The plan to create a Thai offshoot of Vietnam's no-frills carrier VietJet Air has been firmed up with a joint venture agreement set to conclude in Bangkok on Wednesday.
One plane of VietJet Air’s fleet in Vietnam. A deal is almost set that will see a Thai subsidiary of the neighbouring country’s low-cost carrier taking to the skies here.
Somphong Sooksanguan, president of the Thai commuter airline Kan Air and owner of the debt-collecting firm Kannithi Co, has confirmed holding a 51% share in Thai VietJet Air, with the Ho Chi Minh City-based VietJet Aviation owning 49%.
The conclusion of the accord, in the form of a memorandum of understanding (MoU) to be witnessed by a Vietnamese deputy prime minister, will trigger the entry of yet another foreign player into Thailand's hotly contested budget airline stakes.
Lion Air, Indonesia's largest low-cost carrier (LCC), and AirAsia X, the long-haul no-frills affiliate of Malaysia's AirAsia Group, will also descend into Thailand in the coming months on the pretext of being Thai-registered subsidiary airlines with Thai stakeholders.
Thai VietJet Air's corporate structure is in line with minimum requisites set by Thailand's Civil Aviation Department _ a 49:51 ownership split between foreign and Thai entities and initial registered capital of 200 million baht.
Mr Somphong told the Bangkok Post that Thai VietJet Air is expected to take to the skies in November with two Airbus 320-200 single-aisle jets based at Bangkok's Suvarnabhumi airport.
Thai VietJet Air's maiden flights are planned to be domestic trunk routes such as those from Bangkok to Chiang Mai and Phuket as well as flights to certain neighbouring countries such as Myanmar, Laos and Cambodia.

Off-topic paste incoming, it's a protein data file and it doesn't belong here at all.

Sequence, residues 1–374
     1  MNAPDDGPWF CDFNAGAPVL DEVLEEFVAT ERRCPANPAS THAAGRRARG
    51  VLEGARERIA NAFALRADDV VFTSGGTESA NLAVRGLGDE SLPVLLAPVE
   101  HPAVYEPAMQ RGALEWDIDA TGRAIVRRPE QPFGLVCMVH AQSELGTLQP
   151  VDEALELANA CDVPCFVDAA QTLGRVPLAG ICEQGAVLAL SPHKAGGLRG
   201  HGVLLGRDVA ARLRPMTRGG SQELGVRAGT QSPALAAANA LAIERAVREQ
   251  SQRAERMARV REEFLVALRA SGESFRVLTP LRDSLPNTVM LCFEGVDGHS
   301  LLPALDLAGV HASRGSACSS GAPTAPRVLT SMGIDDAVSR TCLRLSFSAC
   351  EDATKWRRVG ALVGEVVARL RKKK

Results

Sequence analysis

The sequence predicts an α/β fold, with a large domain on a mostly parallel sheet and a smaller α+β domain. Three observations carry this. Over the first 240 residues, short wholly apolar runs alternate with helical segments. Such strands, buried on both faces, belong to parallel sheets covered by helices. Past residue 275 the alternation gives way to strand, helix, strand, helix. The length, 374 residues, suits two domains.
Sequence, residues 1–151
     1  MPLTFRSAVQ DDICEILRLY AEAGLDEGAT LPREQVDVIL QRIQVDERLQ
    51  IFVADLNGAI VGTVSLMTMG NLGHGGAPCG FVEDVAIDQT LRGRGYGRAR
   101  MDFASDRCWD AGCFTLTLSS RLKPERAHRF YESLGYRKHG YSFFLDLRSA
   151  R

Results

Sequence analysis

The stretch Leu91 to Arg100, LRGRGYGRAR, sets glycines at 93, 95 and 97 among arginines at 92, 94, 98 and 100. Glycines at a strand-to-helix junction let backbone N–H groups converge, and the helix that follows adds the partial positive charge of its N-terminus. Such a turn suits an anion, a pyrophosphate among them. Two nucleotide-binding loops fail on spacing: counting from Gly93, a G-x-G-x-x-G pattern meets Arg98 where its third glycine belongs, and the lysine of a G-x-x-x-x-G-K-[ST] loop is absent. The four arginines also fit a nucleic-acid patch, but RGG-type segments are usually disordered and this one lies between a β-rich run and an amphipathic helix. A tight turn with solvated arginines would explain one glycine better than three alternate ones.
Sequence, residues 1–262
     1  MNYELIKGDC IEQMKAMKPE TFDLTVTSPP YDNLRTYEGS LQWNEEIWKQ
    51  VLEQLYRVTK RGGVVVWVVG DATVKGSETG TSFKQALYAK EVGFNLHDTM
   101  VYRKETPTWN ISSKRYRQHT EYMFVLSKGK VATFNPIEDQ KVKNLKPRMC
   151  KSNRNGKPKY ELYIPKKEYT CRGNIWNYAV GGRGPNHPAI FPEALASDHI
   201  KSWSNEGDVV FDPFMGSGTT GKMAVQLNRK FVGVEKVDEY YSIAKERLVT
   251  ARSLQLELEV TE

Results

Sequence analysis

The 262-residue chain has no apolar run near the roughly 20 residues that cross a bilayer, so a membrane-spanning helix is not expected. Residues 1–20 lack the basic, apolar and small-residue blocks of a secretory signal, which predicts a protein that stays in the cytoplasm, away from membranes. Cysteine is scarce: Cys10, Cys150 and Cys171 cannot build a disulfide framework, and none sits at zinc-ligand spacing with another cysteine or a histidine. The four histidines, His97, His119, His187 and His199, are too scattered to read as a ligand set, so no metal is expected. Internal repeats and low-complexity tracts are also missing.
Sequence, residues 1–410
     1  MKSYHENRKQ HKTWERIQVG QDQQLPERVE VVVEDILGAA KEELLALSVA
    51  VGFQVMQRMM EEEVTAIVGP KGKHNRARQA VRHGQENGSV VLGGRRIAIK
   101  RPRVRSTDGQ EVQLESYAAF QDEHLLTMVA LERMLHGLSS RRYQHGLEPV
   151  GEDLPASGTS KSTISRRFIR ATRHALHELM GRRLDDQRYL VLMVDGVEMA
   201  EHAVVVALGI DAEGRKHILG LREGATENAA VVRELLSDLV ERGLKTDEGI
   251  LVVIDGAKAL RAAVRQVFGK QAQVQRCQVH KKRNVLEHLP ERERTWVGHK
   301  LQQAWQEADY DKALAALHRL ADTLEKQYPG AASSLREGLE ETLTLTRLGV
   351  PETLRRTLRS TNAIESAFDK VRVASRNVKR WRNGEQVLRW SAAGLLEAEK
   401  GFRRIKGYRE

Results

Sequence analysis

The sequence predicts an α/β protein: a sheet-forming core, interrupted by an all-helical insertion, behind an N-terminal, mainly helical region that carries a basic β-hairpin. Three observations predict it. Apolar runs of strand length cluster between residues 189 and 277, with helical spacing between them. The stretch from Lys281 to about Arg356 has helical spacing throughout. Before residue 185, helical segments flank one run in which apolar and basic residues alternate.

After Wednesday's MoU, both Thai and Vietnamese partners will proceed to finalise pending details of the joint venture and obtain the necessary permits.
VietJet Air commenced a daily Bangkok-Ho Chi Minh City flight on Feb 10, adding daily Bangkok-Hanoi service on June 1.
Mr Somphong acknowledged making overtures to establish the joint venture with Vietnam's first privately owned airline and LCC, which was only launched in December 2011.
"Having an alliance with existing facilities, support and experience is the best and quickest way to start up a new airline," he said.
Thai VietJet Air will be another major extension of Mr Somphong's aviation-related business, which now envisages a fleet expansion for Kan Air and building a small airport on Koh Phangan, the Gulf of Thailand island popular for its full-moon parties and as a backpacker destination.
Mr Somphong's Kannithi Aviation Co, the Thai stakeholder in Thai VietJet Air, has prepared a team of Thai personnel comprising 30 cabin attendants, eight cockpit staff and four aviation engineering specialists to support the new airline.
VietJet Air currently boasts a network of 11 domestic Vietnamese routes and its two Bangkok routes. On the radar screen is service to Taiwan, South Korea, Singapore, Malaysia and Japan.
The carrier operates 300 flights a week.
Earlier this month, VietJet Air took delivery of two more brand-new A320 jets, thus ramping up its fleet of such aircraft to eight overall. It will take delivery of 18 more new A320s in the coming years.
About the author
- Writer: Boonsong Kositchotethana
Position: Deputy Editor Business